That night, as Marty is with his friends trying to figure out what to do that night, and Clara is at home with her parents, silently crying, Marty realizes that he is about to lose someone that he genuinely cares about and who cares about him. He rushes to the phone booth and tells Angie off.
"You don't like her, my mother don't like her, she's a dog and I'm a fat, ugly man! Well, all I know is I had a good time last night! I'm gonna have a good time tonight! If we have enough good times together, I'm gonna get down on my knees and I'm gonna beg that girl to marry me! If we make a party on New Year's, I got a date for that party. You don't like her? That's too bad!"
Marty ends with him on the phone to Clara.
While it isn't shown, leaving things ambiguous, I have a sense she did agree to see him, and these two plain, kind people lived happily ever after.
This is a beautiful scene because of its realism and how it plays out. This scene is something that I'm sure has happened in many homes, where a lonely man is pushed to do something he fears will cause him more heartache but does so anyway to please someone else.
Marty also has some fine performances. Borgnine until now was usually cast as the heavy (of particular note was his role as the murderous Fatso in From Here to Eternity). Here he plays against type as the kind, gentle, schlumpy Marty, and he's wonderful in the part, simply perfect. Just in his non-vocal moments, when he closes his eyes and tightens his face, we see Marty's fears, hopes and disappointments at being rejected yet again and the quiet despair of a good man who cannot find love. Marty's goodness, kindness, and sensitivity underneath his rough exterior come through.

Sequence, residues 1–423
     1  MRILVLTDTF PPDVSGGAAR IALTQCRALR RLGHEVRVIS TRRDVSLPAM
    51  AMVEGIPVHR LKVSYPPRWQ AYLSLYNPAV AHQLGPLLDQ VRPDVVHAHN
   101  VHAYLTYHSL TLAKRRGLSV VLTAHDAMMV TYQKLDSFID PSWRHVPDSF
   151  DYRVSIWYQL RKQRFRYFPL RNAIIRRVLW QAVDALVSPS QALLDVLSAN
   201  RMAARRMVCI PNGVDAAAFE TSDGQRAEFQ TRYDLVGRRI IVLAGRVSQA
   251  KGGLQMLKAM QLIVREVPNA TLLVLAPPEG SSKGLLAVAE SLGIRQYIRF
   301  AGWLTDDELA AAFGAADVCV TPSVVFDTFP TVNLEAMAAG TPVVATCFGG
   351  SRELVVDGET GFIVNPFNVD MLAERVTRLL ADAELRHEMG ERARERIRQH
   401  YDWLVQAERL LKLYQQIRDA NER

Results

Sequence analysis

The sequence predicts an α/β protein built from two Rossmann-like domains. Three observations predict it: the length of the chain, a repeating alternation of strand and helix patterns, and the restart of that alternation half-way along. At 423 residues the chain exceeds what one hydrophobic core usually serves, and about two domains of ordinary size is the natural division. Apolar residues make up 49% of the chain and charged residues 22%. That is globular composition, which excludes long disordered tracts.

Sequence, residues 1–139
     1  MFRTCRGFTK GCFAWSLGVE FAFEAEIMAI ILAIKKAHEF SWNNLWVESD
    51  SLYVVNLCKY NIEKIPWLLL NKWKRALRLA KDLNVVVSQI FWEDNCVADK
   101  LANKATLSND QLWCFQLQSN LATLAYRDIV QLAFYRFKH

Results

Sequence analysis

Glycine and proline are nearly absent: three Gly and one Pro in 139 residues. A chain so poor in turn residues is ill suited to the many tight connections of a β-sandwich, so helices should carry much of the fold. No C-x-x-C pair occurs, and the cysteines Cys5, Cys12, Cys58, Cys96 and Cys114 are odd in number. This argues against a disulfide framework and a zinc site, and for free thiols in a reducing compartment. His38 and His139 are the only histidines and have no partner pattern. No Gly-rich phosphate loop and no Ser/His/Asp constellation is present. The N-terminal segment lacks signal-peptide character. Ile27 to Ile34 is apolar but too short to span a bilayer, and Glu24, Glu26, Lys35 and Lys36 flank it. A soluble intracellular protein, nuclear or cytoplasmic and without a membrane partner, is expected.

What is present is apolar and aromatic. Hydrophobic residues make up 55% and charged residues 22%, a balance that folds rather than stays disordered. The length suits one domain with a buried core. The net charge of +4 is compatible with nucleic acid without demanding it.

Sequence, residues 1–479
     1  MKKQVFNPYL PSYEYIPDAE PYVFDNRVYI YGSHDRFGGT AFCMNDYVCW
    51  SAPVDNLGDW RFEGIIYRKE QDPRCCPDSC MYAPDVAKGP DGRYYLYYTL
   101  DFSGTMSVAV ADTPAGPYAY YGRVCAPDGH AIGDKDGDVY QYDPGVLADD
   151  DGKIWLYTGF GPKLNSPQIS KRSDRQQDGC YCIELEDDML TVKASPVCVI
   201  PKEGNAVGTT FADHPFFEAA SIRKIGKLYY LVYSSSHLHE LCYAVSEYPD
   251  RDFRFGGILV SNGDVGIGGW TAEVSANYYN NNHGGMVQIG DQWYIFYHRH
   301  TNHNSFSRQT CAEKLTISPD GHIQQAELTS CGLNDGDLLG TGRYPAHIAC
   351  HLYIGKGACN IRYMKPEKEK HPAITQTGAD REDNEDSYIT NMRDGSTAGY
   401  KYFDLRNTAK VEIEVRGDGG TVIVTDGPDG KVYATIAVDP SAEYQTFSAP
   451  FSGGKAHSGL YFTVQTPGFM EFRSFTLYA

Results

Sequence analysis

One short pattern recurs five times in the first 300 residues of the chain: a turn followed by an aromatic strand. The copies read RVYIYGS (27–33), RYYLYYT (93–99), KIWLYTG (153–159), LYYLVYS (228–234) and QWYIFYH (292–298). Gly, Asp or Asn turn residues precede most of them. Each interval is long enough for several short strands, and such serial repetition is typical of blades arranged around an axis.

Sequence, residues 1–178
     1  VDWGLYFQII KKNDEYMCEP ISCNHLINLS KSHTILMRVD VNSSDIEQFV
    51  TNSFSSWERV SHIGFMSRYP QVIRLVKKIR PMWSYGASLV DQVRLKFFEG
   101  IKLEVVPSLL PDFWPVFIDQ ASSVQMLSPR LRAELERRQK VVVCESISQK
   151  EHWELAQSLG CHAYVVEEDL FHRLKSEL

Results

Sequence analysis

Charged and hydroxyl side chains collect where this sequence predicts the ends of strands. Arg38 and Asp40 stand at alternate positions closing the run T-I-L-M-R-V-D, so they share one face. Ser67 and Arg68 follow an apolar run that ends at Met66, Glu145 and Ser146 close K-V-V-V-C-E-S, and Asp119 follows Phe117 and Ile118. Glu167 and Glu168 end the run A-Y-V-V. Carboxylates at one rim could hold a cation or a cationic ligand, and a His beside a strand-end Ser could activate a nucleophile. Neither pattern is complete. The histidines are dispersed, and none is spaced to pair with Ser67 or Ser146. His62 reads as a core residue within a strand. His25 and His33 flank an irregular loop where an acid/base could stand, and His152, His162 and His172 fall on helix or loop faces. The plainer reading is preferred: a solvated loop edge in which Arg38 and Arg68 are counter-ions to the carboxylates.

The same goes for Blair's Clara. Blair makes Clara a gentle and sincere woman, not as confident as she could be given she is a teacher (and as such, more educated than the butcher). They have such wonderful chemistry on screen, and again I circle back to Chayefsky's script. When Marty compliments Clara by telling her, "You're not such a dog as you think you are," it doesn't come across as an insult because a.) that's how he talks, and b.) he calls himself a dog as well. He obviously meant it as a compliment in his own bumbling and endearing way.